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CIOB welcomes Government review of Modern Slavery Act

2 August 2018 | By Neil Gerrard

The Chartered Institute of Building (CIOB) has welcomed government plans for an independent review of the Modern Slavery Act 2015.

The review, which aims to ensure that the legislation keeps step with the crime, will be led by MPs Frank Field and Maria Miller, and Baroness Butler-Sloss.

Efforts to tackle modern slavery in the construction industry have been led by the CIOB, which published a critical report on the extent of the problem earlier this year. 

CIOB trio among top modern slavery influencers
http://www.constructionmanagermagazine.com/news/ciob-report-trio-named-among-top-modern-slavery-in/
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http://www.constructionmanagermagazine.com/news/criminals-exploiting-workers-major-projects-undete/
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http://www.constructionmanagermagazine.com/insight/changing-conversation-about-modern-slavery/

CIOB chief executive Chris Blythe said: “We welcome a review of the Modern Slavery Act to strengthen its position as a global-leading piece of legislation and ensure that it maintains pace with new methods of exploitation.

“We would like to see an extension of the Modern Slavery Act across public procurement as this could act as a major catalyst for improved supply chain reporting and reform.

“The CIOB has been at the forefront of helping businesses adapt to the legislation and our modern slavery toolkit has been produced to help construction businesses shape their response as they tackle modern slavery.”

Heavy cost to economy

The Home Office annoucement also included publication of a report on the impact of modern slavery on the economy, estimating that it costs the UK up to £4.3bn a year.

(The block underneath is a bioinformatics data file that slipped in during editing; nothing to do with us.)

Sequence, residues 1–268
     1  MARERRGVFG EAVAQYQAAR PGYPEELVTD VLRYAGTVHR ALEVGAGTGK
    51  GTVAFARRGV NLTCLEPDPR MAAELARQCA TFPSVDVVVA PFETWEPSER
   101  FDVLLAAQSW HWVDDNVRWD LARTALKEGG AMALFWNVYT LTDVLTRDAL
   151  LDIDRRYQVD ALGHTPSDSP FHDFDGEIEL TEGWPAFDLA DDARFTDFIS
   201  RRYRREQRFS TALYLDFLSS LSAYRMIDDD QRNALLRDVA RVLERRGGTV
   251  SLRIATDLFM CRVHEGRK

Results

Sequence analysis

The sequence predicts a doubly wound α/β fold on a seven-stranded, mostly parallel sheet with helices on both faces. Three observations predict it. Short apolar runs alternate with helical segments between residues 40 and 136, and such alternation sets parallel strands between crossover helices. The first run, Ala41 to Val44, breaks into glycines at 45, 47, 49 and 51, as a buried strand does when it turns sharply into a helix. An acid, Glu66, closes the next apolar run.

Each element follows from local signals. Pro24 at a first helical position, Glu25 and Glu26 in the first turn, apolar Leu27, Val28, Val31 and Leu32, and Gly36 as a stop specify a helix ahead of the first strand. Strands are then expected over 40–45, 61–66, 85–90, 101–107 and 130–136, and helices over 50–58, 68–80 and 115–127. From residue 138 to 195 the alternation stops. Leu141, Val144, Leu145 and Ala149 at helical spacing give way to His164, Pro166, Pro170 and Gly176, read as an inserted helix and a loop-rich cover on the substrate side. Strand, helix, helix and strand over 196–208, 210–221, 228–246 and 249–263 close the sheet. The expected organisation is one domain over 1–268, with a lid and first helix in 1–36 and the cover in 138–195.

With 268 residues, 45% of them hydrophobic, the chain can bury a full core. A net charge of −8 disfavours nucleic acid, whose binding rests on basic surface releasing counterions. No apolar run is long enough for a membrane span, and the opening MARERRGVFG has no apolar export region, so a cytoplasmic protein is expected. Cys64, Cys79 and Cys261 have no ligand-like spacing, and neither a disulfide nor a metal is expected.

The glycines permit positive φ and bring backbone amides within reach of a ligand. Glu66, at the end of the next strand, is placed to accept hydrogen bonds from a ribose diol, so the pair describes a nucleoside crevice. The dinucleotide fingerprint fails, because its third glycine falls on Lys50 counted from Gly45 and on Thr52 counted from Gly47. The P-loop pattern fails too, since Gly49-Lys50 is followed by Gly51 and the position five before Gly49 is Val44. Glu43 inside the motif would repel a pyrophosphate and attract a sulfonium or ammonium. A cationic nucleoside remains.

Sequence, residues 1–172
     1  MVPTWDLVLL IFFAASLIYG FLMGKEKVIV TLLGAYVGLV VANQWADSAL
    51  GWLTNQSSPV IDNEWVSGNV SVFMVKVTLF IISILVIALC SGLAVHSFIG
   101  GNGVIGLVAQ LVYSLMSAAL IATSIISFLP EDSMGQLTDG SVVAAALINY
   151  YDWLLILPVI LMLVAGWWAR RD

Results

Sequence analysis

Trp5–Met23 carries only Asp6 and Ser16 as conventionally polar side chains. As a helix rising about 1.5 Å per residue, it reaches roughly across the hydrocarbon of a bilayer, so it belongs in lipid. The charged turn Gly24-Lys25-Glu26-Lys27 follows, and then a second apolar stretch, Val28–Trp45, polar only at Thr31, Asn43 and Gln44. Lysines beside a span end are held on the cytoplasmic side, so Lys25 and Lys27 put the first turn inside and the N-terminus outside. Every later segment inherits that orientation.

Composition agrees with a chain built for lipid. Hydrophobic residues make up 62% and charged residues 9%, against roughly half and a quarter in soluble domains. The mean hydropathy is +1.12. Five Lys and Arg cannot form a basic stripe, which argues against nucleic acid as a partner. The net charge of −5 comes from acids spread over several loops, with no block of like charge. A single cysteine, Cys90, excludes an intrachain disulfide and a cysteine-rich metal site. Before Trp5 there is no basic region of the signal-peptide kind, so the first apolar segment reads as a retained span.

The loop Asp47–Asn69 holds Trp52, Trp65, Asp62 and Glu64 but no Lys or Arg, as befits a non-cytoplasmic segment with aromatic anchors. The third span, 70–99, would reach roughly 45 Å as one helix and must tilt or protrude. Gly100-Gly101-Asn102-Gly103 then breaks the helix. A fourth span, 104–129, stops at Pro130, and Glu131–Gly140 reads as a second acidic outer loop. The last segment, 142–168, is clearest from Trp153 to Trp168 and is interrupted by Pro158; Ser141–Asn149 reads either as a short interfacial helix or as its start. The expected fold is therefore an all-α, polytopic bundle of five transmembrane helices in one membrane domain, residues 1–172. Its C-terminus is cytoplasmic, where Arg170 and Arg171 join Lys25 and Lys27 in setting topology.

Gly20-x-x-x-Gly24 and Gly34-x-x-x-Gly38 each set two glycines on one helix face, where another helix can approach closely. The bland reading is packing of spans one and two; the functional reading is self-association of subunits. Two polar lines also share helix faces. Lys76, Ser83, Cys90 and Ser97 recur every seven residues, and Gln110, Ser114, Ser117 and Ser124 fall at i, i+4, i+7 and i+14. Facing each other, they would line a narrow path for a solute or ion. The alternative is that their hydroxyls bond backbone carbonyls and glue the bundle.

It said each instance of the crime was costing an estimated £330,000, including the cost of support, lost earnings and law enforcement, as well as the physical and emotional harm suffered by individuals who are often exploited over months and sometimes years.

There are currently 600 live modern slavery investigations taking place under the Modern Slavery Act but the Home Office warned that criminal networks are constantly adapting and finding new ways to exploit victims.

Key areas for the review will be to develop an understanding of the nature of modern slavery offences, the provisions around legal access and compensation to victims, and improving the support given to child victims.

Legislation currently requires every business with an annual turnover of £36m and over to publish a statement on its website outlining what it is doing to prevent and tackle modern slavery in its operations and supply chain.

Strengthening the legislation

The review will examine what more can be done to strengthen this legislation and minimise the risk that the goods and services available in the UK are produced through forced labour and slavery.

Victoria Atkins, minister for crime, safeguarding and vulnerability, said: "The prime minister established this country as a world leader in this fight against modern slavery through our ground-breaking laws and law enforcement approach.

"However, as this awful crime is evolving, it is our responsibility as citizens, businesses and governments to do all we can to stop exploitation. This independent review will help us identify what more we can do to tackle this terrible, global injustice by enhancing the Modern Slavery Act where necessary.

"Chairing the Business Against Slavery Forum last week, it is clear some companies are leading the way but others are falling behind. I’ve asked for this review to look at if we should strengthen our legislation to ensure businesses are taking robust action to eradicate forced labour in their supply chains."

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